Live sheep wethers waiting to be loaded onto export ship.
Live sheep wethers waiting to be loaded onto export ship. MEAD LEON

Sussan Ley to introduce bill to end live sheep exports

UPDATE: REGIONAL Liberal MP Sussan Ley will introduce a private members' bill to end live sheep exports.

Ms Ley plans to bring the bill forward next month, in the sitting week after the federal budget is handed down.

"Having been a farmer for 17 years, having represented rural Australia and sheep producers, I've got to say if I'm calling time on this industry, I think time is well and truly passed,” she told Sky News yesterday.

It comes as the live export industry took the extraordinary step of backing the creation of an inspector-general of animal welfare for exported animals, marking a major policy shift for the industry.

Ms Ley, who represents the country NSW electorate of Farrer, was the first Federal Government minister to break ranks and call for the controversial trade to be phased out, following the most recent live exports scandal in which 2400 sheep died due to heat stress on a voyage to the Middle East.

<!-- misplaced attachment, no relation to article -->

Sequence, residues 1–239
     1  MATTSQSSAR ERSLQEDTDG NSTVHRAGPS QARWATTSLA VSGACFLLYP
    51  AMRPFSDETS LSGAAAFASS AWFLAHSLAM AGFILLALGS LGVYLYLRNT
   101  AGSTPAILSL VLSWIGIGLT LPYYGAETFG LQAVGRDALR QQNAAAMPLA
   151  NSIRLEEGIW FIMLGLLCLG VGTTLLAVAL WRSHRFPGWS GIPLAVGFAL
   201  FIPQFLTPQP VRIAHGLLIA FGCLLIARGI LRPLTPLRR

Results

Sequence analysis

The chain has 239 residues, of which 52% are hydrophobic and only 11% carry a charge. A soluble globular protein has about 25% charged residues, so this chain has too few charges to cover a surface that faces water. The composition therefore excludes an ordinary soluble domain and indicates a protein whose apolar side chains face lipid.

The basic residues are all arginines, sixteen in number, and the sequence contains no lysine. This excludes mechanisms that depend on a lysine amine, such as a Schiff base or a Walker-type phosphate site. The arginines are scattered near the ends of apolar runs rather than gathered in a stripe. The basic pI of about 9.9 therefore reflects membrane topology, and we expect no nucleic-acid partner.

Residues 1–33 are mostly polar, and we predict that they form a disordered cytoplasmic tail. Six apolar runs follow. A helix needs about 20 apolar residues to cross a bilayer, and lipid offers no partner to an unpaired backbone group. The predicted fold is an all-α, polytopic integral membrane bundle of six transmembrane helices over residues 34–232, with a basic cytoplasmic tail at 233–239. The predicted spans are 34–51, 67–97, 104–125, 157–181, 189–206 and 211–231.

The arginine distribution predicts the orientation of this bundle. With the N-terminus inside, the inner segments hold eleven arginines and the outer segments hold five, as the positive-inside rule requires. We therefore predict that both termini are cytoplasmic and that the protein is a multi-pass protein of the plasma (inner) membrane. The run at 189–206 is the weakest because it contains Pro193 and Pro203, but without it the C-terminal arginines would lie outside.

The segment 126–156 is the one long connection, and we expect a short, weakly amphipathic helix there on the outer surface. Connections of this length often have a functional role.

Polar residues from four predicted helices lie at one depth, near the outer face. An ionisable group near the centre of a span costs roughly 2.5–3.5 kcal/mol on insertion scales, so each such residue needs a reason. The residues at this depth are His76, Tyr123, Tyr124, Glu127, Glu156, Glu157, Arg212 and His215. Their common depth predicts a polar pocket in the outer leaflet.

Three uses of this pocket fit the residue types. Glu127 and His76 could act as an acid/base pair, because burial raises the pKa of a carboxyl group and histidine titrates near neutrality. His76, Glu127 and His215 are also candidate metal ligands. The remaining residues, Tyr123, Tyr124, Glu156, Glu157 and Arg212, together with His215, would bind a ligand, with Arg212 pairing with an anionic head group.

Ms Ley said the bill would be aimed at live sheep exports to the Middle East only, which is effectively all of Australia's live sheep export trade.

"I recognise this needs to be done in consultation with farmers and industry, because the farmers in my mind will always come first,” she said.

"It's not about removing an avenue of their livelihood, because there are transitions that can be made in consultation with the rural sector.”

Victorian Liberal MP Jason Wood has also called for an end to live exports.

The Greens have said they will back Ms Ley's bill.

"The Greens have been working to end live exports for years and we welcome members from the major parties joining us in standing up for animal welfare,” Greens MP for Melbourne Adam Bandt said.

However, Acting Prime Minister Michael McCormack says the live export trade still has a future in Australia.

"I don't believe we should ban the whole trade holus bolus,” Mr McCormack told the National Press Club in Canberra today.

"I do believe in live animal exports... and I do see a future for it.

"It brings export dollars into this country, it creates jobs, it creates opportunities.”

Mr McCormack said if Australia withdrew from the trade, the gaps would be filled by other countries with lesser animal welfare standards.